Dec. 5 Is Repeal Day, the Day We Got Back Our Alcohol
Dec. 5 is Repeal Day, marking the end of Prohibition. It also is a reminder of a unique episode in our constitutional history. As our Founding Fathers intended, it’s hard to amend the Constitution. The last time it happened was 1992, when the 27th Amendment was passed to prevent congress from voting a pay raise for themselves that immediately goes into effect. (Instead, they need to wait until the next term to reap the benefits.)
That means it’s now been over 24 years since we last amended the Constitution, and this amendment was hardly rushed through ratification. Indeed, it had first been proposed in 1789.
Making it all the more remarkable that America could enact Prohibition with a Constitutional Amendment in 1919 and pass another Constitutional Amendment to repeal it just 14 years later in 1933. (This was an era when we were more aggressive about amendments in general: Two additional ones had passed in the interim between alcohol’s ban and its triumphant return.)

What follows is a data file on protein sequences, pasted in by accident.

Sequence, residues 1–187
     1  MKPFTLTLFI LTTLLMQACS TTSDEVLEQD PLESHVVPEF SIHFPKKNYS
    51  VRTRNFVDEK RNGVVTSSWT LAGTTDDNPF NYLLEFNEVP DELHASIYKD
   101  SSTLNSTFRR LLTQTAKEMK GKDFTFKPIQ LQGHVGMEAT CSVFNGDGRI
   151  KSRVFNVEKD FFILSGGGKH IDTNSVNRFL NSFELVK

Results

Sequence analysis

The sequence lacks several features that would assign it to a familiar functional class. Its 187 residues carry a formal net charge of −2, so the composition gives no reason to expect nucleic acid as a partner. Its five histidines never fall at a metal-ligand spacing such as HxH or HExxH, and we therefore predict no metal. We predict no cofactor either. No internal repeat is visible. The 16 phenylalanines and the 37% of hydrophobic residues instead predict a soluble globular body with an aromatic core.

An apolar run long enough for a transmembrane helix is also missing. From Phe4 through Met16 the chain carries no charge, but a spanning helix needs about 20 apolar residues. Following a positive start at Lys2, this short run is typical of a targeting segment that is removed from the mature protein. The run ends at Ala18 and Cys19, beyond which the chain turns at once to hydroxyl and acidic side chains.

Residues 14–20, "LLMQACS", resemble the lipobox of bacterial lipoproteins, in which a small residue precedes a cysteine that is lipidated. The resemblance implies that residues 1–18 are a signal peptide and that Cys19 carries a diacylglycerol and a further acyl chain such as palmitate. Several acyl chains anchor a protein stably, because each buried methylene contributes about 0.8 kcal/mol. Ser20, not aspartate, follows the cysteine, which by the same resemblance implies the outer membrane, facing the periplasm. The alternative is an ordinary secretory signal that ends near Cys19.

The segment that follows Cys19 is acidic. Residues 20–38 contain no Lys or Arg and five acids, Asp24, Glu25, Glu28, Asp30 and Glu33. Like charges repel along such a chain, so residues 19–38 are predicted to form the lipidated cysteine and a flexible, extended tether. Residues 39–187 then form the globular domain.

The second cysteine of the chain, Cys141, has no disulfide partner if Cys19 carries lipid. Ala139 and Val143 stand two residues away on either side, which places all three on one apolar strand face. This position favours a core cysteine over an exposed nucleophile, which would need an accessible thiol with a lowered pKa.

It should be noted that not all states abandoned Prohibition: Mississippi remained dry all the way until 1966. Yet for the vast majority of the nation, Prohibition not only failed but failed quickly. In particular, the rise of gangsters like Al Capone infuriated the public, as they witnessed criminals cashing in on what had until recently been legal. Likewise, many citizens were disgusted by how openly speakeasies operated: What was the point of banning something if no one was even attempting to enforce it?
This Dec. 5, take a moment to remember how even the best-intentioned legislation can go awry. And if you want to have a drink while you do so, that’s entirely up to you. (After all, this year it falls on a Monday.) Below, watch a short Ken Burns feature on why Prohibition gained momentum in the first place: America used to be a remarkably drunken place.